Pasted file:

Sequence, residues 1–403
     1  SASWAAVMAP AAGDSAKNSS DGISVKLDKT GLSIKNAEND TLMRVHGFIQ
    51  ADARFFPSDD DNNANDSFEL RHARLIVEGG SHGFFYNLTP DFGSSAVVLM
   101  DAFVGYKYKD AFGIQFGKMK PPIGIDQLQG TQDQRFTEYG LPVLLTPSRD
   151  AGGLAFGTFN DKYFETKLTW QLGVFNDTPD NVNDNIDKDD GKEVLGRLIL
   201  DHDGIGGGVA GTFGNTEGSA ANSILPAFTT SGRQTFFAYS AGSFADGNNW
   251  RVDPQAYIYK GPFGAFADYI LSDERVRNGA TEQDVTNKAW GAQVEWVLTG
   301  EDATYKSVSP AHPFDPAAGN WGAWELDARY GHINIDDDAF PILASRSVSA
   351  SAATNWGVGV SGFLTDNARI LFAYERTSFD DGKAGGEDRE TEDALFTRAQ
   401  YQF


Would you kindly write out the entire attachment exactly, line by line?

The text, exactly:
Sequence, residues 1–403
     1  SASWAAVMAP AAGDSAKNSS DGISVKLDKT GLSIKNAEND TLMRVHGFIQ
    51  ADARFFPSDD DNNANDSFEL RHARLIVEGG SHGFFYNLTP DFGSSAVVLM
   101  DAFVGYKYKD AFGIQFGKMK PPIGIDQLQG TQDQRFTEYG LPVLLTPSRD
   151  AGGLAFGTFN DKYFETKLTW QLGVFNDTPD NVNDNIDKDD GKEVLGRLIL
   201  DHDGIGGGVA GTFGNTEGSA ANSILPAFTT SGRQTFFAYS AGSFADGNNW
   251  RVDPQAYIYK GPFGAFADYI LSDERVRNGA TEQDVTNKAW GAQVEWVLTG
   301  EDATYKSVSP AHPFDPAAGN WGAWELDARY GHINIDDDAF PILASRSVSA
   351  SAATNWGVGV SGFLTDNARI LFAYERTSFD DGKAGGEDRE TEDALFTRAQ
   401  YQF